Factual Questions Raised about "In Cold Blood"

Friday, February 15, 2013


For nearly 50 years, Truman Capote’s In Cold Blood has stood as perhaps the best of the true crime genre—nonfiction that’s truly as dramatic and compelling as fiction. Last week, The Wall Street Journal reported on decades-old documents that have recently come to light which point to significant fabrications in two chapters of Capote’s masterwork, including one of it’s most thrilling moments. Wall Street Journal reporter Kevin Helliker tells Brooke about how Capote's version of the story veers from what really happened.


Kevin Helliker

Hosted by:

Brooke Gladstone

Comments [6]


I too listened to the broadcast awaiting the "great fictionalization" and must have missed it. I then re-listened to the broadcast and read Mr. Helliker's article and missed it again. That KBI did not react immediately to a tip from a "jail-house snitch" is not a story. That Mr. Dewey released confidential KBI files is a matter for KBI, not a story. All credit appears due to KBI and all its personnel, and Mr. West, in cracking this case and bringing heinous criminals to final justice. And nobody could mistake these criminals for victims, no matter how great a writer Mr. Capote is.

Feb. 18 2013 03:16 PM
Rocinante from La Mancha

What a ridiculous article in the WSJ (read it last week). I'm glad you gave the writer a chance to expound so as to make clear there was no more THERE there than it seemed in the article. TC admitted freely he made up the last scene in the graveyard and called his story a new form of writing, not a stab at playing historian. "Nonfiction novel" leaves room to be snide to a DA, I think. TC did not appear to admire the postmistress, either. And?

Aren't most of the "serious" new revelations pulled from the out-of-joint nose of the pudgy 28-looks-40-or-50 DA? If I have to choose one man's subjectivity over another's, I'll choose the man with stunning writing talent.

I was not amused by the WSJ writer's accusation that TC waited for the killers' executions so he could falsify what they told him. Irresponsible speculation is out of place when it comes from his particular high horse.

I did smile to hear the article's writer whine that people responded to his piece with "So what, great book." Dude, may I say - so what, great book.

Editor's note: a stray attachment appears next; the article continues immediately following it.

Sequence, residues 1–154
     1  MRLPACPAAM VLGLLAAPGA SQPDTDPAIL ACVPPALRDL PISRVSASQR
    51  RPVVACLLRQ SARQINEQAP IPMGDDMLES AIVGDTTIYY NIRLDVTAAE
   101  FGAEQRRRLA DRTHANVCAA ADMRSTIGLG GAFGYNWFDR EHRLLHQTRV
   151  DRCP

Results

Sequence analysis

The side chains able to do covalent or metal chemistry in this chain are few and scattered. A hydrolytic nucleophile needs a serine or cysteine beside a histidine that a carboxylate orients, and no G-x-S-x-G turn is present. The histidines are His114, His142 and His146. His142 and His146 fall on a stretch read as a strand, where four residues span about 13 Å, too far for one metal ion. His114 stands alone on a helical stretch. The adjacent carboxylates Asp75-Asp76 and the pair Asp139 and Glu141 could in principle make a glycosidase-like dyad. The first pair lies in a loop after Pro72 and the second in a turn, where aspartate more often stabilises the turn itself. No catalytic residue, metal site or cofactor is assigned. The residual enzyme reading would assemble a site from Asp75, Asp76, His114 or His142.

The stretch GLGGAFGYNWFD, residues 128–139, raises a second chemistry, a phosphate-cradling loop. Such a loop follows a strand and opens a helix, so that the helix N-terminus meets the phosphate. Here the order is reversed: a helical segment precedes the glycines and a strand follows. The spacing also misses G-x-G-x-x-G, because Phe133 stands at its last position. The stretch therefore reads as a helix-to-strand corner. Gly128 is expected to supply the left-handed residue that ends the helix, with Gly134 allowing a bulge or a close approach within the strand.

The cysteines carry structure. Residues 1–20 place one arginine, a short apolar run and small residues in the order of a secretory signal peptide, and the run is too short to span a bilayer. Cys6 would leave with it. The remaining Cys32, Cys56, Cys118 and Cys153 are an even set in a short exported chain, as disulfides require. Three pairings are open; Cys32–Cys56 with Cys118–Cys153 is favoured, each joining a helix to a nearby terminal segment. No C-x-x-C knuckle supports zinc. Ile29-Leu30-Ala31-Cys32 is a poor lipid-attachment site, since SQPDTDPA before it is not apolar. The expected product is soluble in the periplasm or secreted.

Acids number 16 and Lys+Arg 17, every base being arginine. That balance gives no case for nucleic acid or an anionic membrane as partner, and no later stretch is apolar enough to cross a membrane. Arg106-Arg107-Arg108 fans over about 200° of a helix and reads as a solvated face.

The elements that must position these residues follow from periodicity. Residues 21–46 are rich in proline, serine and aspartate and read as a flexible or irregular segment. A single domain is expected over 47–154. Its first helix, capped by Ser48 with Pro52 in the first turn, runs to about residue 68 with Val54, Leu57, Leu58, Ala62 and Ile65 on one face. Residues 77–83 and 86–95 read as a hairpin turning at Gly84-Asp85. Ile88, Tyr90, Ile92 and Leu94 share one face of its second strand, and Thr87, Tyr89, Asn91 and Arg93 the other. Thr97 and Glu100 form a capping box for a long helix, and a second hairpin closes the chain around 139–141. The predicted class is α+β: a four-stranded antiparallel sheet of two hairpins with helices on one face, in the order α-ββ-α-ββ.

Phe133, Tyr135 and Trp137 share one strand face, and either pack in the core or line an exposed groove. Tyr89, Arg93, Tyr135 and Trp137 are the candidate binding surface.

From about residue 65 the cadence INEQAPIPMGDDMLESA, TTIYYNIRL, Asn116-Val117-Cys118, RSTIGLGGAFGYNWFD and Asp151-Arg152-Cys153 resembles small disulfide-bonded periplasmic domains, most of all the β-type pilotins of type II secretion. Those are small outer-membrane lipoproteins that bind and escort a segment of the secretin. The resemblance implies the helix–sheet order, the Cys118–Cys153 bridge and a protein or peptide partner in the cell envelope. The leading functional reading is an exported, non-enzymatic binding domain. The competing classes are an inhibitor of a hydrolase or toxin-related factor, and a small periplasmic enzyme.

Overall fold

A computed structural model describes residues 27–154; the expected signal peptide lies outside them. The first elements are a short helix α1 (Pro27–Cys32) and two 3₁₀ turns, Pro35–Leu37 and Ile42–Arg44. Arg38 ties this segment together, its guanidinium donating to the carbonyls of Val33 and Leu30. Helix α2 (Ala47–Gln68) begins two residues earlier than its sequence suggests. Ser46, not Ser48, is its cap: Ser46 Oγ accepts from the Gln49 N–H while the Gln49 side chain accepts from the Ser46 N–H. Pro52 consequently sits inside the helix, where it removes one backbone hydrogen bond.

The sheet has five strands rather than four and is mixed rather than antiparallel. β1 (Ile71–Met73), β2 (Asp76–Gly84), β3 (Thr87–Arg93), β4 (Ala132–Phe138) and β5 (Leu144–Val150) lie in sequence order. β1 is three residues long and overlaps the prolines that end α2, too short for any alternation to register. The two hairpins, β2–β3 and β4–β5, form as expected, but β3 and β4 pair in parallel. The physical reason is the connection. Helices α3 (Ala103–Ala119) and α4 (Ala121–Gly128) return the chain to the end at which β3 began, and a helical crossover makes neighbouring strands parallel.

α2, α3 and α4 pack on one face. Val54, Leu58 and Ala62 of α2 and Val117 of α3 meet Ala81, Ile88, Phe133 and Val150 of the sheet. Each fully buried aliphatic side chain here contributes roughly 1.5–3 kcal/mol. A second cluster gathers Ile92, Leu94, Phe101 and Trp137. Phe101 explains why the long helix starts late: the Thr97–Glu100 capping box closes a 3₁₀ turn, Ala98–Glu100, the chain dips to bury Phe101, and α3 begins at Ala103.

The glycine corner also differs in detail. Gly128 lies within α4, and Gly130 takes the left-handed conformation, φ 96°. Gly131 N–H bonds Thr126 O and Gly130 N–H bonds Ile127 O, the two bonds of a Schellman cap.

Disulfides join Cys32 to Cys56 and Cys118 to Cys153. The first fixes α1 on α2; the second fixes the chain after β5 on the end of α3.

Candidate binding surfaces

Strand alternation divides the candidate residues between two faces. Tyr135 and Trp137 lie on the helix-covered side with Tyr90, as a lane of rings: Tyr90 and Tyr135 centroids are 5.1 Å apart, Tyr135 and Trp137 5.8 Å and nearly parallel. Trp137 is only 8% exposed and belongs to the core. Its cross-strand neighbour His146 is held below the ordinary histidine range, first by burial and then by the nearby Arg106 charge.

Feb. 17 2013 11:17 PM

I really appreciate Kevin Helliker discussing the issue of Capote's representation, and the potential mis-information involved with this story. I was born and lived in Holcomb just after the killings of the Clutters, my family farmed and knew the family. The Holcomb and farming community were so deeply affected by such an incident, and then for Capote present one of the perpetrators as a victim was pouring salt on an injury which made healing so much more difficult for the community to move on.

As I listened to Mr. Helliker, I was so moved that he addressed the issue/question that perhaps there had been those who protested or challenged the stories Capote created, many that went unheard in the mass media.....I think Kevin mentioned it was essentially Garden City against the New Yorker. I believe this to be true, and heartwarming that 53 years later someone has been able to address this w/in mass media.

Feb. 17 2013 11:06 PM
RR from san francisco

Wall Street Journal reporter Kevin Helliker's interview is absurd.

In Cold Blood is a work of fiction based on real events. The point that he seems upset about is Capote's treatment of the two killers. Of course his view is subjective. I was happy to hear that Capote sought to make sure the family of the officer who helped him was rewarded. Good for him!

All these points aside, none of this matter at all in the creation of an artistic work. Artists are not responsible for the dumbing down of a culture who prefers to rely on works of fiction and films instead of history books.

An artists job is to interpret their vision and communicate that vision to us. That is ALL.

So, all of this talk about Lincoln and even Mr Spielberg's need for detail in the scene settings is a bit silly because in the end the film is his collaborative vision of Doris Kearns Goodwin's astounding interpretation of a historical event.

I suppose what is really maddening about these sorts of stories is that they contribute to the death of imagination.

Dreams, invention, imagination. The stuff that has lifted human kind throughout the ages, now being harassed to death by a fact check.

Feb. 17 2013 05:12 PM
Susan Baughman from Key West, FL

You've left Harper Lee out of this entire segment! She did most of the research - SHE could tell us best, about the process of this info being released and acted on.
(See her biography "Mockingbird" for interesting details on her being the prime researcher of ICB in this less than gay-friendly age/place)

Feb. 17 2013 09:49 AM
Chris from CT

You keep talking about serious lapses in factual details but your only support for this claim is a potentially accidental demotion which you claim was a purposeful slight...can you prove that? I think Capotes opinions and generalizations are pretty obvious in the novel, can you relate any real and important peices of fictualization?

Feb. 16 2013 05:08 PM

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